Summary of Conard House - DAR

Employer is a non-profit corporation that maintains a storefront facility that serves clients with mental disabilities by disbursing funds to them. Employer does not provide healthcare to its clients. On one occasion an employee of Employer performing janitorial duties found a hypodermic needle (sharp) in the trash can in the bathroom. In addition, the ALJ reduced the civil penalties based on financial hardship. The issues before the Board were: (1) was there sufficient evidence of financial hardship to support the ALJ’s reduction of the civil penalties; and (2) did the evidence establish that Employer’s employees were occupationally exposed to bloodborne pathogens requiring Employer to provide an exposure control plan pursuant to section 5193(c)(1)(A). The Board determined that there was insufficient evidence of financial hardship to support the further reduction of the civil penalties since the only evidence presented was that any payment of penalties would reduce the monies available to Employer’s clients. The penalties had already been reduced in accordance with the maximum penalty reductions allowed under the Director’s regulations. The Board further found that occupational exposure to bloodborne pathogens was not established by the one single instance of a sharp in a restroom or by the potential, hypothetical exposure by employees to the pathogens because of the clientele that Employer serves. Since employees’ duties do not require or risk contact with blood, the mere presence of blood is not enough to establish occupational exposure.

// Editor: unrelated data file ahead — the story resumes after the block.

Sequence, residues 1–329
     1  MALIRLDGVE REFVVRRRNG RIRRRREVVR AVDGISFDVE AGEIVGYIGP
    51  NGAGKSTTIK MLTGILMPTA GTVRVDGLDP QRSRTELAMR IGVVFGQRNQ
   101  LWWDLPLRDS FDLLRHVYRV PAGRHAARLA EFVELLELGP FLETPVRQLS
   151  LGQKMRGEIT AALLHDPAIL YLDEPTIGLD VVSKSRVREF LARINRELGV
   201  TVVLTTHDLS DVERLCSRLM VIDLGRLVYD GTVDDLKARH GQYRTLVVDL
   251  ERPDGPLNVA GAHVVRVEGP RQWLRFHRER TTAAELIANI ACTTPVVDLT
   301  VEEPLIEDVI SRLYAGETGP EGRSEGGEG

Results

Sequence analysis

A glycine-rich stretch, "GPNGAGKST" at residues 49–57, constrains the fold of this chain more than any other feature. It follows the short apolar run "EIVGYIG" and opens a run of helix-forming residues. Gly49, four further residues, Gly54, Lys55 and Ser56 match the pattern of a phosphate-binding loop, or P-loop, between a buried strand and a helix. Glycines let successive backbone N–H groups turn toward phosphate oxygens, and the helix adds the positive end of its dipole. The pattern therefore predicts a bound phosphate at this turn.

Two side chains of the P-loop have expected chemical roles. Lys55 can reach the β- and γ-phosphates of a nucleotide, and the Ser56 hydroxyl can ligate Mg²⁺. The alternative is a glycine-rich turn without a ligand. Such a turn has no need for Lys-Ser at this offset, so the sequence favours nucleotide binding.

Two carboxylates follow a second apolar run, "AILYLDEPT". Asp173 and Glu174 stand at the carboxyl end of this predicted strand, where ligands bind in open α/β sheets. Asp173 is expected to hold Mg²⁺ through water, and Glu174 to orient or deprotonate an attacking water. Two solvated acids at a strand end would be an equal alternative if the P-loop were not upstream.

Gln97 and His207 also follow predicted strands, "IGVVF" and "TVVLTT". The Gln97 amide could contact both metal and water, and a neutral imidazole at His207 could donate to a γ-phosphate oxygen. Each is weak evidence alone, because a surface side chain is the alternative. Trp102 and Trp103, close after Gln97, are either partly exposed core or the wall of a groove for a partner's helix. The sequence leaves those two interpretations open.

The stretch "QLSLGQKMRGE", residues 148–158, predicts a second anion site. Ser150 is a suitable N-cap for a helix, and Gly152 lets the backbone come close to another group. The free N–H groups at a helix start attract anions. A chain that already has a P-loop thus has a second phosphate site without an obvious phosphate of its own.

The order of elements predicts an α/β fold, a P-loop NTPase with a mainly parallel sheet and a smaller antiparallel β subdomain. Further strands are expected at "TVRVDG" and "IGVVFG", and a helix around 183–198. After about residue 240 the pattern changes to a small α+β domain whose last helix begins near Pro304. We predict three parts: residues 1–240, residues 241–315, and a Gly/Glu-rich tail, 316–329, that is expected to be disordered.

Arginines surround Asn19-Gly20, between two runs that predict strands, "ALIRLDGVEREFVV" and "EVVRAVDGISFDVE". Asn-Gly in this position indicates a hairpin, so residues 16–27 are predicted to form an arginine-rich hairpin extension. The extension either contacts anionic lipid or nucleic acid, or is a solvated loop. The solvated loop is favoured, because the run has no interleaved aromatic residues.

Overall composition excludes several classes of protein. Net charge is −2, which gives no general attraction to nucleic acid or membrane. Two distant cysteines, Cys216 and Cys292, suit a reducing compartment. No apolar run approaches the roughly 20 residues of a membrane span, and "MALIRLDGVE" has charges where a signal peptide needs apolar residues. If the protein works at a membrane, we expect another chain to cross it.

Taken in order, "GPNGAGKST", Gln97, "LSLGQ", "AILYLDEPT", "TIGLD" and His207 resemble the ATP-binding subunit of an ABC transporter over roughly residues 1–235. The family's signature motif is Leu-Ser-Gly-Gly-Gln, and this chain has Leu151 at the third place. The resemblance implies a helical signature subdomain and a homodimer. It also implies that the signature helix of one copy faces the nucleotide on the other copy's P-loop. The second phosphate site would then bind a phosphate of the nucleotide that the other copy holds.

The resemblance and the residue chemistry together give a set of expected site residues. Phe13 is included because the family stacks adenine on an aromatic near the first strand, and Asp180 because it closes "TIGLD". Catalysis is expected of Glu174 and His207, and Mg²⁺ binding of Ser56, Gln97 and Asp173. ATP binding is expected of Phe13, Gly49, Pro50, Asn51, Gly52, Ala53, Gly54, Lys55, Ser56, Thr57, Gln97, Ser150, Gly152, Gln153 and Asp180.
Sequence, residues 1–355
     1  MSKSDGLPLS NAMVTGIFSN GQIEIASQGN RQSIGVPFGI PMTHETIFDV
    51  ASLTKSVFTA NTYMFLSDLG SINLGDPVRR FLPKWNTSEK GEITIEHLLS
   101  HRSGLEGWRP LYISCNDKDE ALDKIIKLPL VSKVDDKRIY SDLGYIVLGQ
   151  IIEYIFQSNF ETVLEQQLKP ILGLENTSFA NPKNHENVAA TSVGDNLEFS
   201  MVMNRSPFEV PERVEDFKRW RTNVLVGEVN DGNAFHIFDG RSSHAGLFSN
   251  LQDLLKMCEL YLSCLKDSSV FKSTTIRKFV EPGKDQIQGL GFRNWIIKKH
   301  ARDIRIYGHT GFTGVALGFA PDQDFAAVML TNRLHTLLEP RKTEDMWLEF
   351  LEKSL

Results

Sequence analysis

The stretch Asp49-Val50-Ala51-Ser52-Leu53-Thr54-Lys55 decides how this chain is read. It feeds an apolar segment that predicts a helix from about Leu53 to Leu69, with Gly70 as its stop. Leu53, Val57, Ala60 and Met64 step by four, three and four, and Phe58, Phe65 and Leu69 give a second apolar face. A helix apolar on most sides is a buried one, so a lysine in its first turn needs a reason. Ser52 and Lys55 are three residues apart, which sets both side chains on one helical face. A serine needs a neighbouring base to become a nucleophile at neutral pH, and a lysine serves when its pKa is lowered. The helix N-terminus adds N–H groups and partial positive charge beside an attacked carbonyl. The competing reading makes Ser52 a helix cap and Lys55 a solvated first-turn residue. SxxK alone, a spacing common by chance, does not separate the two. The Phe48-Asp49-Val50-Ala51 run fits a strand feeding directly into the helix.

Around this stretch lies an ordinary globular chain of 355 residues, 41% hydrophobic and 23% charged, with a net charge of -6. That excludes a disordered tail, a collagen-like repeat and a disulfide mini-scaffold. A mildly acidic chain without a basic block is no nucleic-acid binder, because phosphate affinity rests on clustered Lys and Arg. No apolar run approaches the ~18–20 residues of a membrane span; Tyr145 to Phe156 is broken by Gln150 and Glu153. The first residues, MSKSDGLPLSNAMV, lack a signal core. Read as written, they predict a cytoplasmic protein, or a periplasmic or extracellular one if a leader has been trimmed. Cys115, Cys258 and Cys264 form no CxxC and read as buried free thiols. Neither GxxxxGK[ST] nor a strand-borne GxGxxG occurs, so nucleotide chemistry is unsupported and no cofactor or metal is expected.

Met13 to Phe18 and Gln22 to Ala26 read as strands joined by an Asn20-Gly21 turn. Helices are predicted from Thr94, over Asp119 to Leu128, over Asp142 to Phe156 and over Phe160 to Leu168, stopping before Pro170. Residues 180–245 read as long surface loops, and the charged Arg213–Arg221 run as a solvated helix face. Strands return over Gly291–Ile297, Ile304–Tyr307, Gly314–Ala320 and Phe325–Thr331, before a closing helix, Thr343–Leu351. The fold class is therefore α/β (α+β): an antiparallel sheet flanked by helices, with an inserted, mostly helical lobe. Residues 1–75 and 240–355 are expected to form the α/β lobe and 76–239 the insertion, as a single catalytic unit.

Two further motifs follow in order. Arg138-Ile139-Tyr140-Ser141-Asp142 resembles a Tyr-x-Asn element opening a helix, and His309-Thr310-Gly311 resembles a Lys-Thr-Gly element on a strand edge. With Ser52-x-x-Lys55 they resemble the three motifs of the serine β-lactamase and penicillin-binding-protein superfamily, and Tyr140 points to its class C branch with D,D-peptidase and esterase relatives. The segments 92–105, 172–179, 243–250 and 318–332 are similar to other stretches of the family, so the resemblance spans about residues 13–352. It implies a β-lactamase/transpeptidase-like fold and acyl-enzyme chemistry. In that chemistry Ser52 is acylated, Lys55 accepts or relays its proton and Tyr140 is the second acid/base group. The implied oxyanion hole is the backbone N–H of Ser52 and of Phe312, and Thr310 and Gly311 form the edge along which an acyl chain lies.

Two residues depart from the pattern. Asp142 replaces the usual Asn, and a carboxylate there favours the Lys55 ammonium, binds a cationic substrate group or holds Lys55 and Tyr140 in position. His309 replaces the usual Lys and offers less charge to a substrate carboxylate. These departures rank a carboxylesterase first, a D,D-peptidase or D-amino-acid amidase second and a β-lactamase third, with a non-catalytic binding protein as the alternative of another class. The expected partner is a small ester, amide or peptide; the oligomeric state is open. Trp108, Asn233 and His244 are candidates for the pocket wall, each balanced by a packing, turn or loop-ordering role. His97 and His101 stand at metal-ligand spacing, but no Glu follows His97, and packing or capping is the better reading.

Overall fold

July 27, 1999